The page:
The future of CSI is not substitution but niche exports

There may be plenty of entrepreneurship trainings, financial accessibility, fiscal measures, but when it comes down to domestic trade and market integration, are we there yet? In keeping with that, The Bhutanese interviewed some experienced business owners, along with startup business owners on their perception of the current market scenario.

A challenge that many startup entrepreneurs face comes in regard with pricing their final product. Some of them said, regardless of cost reduction during production, they are unable to compete in the market when the imported products dominate the market.

One of the entrepreneurs said that products made by Multi-National Companies (MNCs), due to their large scale of production, the cost of purchasing raw materials and the cost of production, is significantly cheaper and competitive in the market, and unless the products could be restricted or partly restricted and substituted by domestic products, it would almost be pointless to even try and create a direct substitute product.

An entrepreneur said cottage and small-scale industry (CSI) stand no chance against MNCs.

“The other risk is that if these companies decide to compete with smaller businesses, they can easily turn the tables on the domestic products, as they have huge separate reserves for promotion, branding, marketing and market presence.”

CEO, Bio Bhutan, Ugyen, has been in business for more than 15 years, and he said that the domestic market has received better turnout of local consumers compared to when he had first started the venture. However, he stated that there have not been firm reports or surveys to determine whether these changes had arisen from consumers’ willingness to purchase local products or if it could be credited to other factors.

He said, “When we first started our venture, one of the main challenge was in obtaining licenses required to operate the business. Even today, from what I know, this is still a drawback factor for a lot of domestic products.”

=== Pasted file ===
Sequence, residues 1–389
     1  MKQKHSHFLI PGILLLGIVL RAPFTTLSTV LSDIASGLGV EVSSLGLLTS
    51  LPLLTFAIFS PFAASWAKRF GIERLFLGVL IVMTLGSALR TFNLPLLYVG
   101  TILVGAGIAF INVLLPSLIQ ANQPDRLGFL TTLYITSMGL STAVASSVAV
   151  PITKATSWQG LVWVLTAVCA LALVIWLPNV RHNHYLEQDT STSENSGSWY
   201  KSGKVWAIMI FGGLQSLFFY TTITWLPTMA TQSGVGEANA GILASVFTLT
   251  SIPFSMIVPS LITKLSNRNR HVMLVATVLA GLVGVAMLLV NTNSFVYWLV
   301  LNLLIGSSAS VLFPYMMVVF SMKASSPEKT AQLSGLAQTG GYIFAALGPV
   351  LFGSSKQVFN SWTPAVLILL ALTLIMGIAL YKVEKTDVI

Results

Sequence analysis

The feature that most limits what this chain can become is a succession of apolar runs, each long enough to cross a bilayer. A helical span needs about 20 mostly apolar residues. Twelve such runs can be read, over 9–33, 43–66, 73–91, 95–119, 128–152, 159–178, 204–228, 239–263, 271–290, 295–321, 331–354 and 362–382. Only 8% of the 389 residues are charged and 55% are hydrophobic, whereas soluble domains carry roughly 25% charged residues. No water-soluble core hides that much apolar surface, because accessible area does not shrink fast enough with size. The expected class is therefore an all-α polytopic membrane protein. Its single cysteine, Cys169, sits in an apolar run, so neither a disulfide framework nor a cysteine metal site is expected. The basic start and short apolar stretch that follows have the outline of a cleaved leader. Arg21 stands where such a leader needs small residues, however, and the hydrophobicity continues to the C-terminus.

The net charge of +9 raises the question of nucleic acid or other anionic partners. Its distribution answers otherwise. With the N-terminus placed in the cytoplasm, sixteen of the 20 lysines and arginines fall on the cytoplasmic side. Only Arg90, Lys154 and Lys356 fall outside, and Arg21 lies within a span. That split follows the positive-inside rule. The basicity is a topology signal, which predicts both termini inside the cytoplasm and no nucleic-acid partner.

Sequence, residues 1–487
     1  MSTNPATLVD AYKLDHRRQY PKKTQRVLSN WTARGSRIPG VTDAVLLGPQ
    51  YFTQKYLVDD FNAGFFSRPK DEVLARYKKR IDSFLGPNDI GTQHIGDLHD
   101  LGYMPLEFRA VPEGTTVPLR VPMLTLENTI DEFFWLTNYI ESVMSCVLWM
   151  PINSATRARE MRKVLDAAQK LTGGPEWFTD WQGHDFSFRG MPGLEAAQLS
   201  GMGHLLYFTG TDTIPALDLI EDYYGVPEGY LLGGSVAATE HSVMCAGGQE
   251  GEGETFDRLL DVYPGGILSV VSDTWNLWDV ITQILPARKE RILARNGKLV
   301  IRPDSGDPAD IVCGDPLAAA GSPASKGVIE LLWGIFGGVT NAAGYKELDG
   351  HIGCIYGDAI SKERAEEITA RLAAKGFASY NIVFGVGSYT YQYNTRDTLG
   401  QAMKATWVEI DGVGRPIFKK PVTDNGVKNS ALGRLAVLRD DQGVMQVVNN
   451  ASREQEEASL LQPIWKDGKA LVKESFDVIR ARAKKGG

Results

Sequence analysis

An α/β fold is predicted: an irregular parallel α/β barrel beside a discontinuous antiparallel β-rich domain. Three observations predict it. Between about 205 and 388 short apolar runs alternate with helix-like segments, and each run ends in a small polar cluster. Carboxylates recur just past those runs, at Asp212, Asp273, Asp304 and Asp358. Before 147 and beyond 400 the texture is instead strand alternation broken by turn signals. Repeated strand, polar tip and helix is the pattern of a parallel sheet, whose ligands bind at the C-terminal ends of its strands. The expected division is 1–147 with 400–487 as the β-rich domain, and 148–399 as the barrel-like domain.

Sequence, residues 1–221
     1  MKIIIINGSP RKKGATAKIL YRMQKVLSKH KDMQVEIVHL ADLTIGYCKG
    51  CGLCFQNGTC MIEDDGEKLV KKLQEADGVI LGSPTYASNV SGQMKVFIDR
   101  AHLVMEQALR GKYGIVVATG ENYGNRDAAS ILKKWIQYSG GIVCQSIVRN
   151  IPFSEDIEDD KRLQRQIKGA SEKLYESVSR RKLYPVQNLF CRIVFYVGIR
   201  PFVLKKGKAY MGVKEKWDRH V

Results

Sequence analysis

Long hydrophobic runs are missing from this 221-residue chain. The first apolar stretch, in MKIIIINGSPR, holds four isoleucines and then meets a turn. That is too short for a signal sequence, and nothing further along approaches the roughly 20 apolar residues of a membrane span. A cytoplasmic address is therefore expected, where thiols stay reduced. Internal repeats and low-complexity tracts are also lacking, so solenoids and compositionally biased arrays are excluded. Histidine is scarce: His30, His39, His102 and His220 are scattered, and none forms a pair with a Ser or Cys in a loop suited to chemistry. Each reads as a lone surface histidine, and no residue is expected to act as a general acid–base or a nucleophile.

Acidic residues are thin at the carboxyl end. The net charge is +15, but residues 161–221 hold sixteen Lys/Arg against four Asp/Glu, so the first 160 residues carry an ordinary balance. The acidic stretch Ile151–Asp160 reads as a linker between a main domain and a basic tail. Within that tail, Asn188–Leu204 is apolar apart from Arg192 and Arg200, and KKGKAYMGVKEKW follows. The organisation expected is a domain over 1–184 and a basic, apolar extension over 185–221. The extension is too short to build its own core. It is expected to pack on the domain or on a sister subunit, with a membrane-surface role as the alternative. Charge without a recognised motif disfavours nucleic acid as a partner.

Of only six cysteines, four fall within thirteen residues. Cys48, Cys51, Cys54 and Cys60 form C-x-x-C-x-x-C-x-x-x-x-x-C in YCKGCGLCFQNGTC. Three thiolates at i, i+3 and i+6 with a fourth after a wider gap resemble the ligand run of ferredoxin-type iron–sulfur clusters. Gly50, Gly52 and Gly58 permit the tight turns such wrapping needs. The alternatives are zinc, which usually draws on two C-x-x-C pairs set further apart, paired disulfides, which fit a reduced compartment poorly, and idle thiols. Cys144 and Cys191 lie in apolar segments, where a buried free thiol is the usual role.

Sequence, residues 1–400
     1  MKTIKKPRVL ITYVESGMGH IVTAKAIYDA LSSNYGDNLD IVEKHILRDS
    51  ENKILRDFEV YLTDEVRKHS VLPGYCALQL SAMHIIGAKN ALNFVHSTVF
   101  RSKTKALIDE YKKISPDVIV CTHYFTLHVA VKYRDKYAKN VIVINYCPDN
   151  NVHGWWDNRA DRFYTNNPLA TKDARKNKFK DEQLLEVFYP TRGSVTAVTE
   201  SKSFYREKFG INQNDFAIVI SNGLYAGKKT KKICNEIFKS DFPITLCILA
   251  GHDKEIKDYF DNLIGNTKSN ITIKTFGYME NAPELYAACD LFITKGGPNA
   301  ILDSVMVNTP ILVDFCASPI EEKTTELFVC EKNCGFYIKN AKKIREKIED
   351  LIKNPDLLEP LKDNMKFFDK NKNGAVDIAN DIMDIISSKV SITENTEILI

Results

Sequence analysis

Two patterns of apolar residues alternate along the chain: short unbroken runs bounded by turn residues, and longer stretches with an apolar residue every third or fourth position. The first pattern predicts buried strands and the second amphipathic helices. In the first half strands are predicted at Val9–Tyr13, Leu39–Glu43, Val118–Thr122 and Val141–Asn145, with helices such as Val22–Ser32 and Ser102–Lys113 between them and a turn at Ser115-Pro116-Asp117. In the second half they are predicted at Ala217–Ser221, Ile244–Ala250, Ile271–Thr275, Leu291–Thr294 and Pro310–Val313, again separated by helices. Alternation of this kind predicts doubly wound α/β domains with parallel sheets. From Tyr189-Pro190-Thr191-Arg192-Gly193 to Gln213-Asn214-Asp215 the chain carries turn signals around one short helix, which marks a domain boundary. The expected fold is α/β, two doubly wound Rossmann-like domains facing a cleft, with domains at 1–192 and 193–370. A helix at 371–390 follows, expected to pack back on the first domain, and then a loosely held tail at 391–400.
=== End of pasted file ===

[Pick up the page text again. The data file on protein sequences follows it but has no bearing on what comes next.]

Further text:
Managing Director of Bhutan Shilajit, Wangchuk Tshering, said that for some of the licensing cases, neither the Drug Regulatory Authority (DRA) nor the Bhutan Agriculture and Food Regulatory Authority (BAFRA) have the capacity to test and allot licenses.

Bhutan Shilajit faced the licensing problem when the venture started 15 years ago, even with the manufacturing technology and process being brought in by their partner in the United Kingdom. Reportedly, the enterprise passed the United States of America (USA) certification standards.

He said, “The regulatory bodies or policy makers should also look at who are producing Shilajit in the market, considering that I have heard and seen that there are even people who use flour to increase the quantity.”

 Managing partner for Bhutan Organics, which produces a range of juices and teas with medicinal properties, said that one of the main challenges for them comes in the form of pricing their products and matching up to the quality level, as the existing brands that dominate the market are already preferred by the consumers, and to turn the consumers around towards their product is a bigger challenge.

He said the company receives good interest from prospective buyers from external markets. Though numerous certification processes have delayed or retained avenues for sales, however, the Bhutan Organics brand has carved a niche for itself. is an online trade platform listing Bhutanese products to over 30 countries. It is following its vision to push local products despite the initial hiccups caused by the COVID-19 pandemic.

Founder of Druksell, Sonam Chophel, said, “We have over 600 local suppliers for whom we are the distributor.” He said that the portal’s existence might not be well known in Bhutan since it primarily focuses on exports but the establishment is in its eighth year of service.

He added, “Our primary buyers are the United States and countries in Europe along with regional countries like Singapore and a bit to Bangladesh and India.”

He said, “People are generally reluctant to buy the home-product, and we are aware that our products are a bit pricier, comparatively. But it is time for people to change the overall mindset when it comes to buying the domestic products.”

 He added, “People talk about the need for better markets or that CSIs are not taking off, but we would like to request people to come to us and do due-diligence rather than sit back and not take heed of the efforts being invested.”

He added, “When people do that, it does not help the products grow and get recognized, they have to understand the ground reality.”

He said since Bhutan’s market is small, the approach should be towards markets beyond the domestic market, and that is where the government could play a part in exploring and facilitating for domestic sellers, he added.

“We have to be mindful about how we navigate our business models, in order to achieve more and we can’t always keep looking towards the government, as there is only so much they can do. It is time for the private sector to take responsibility and come together,” he added.

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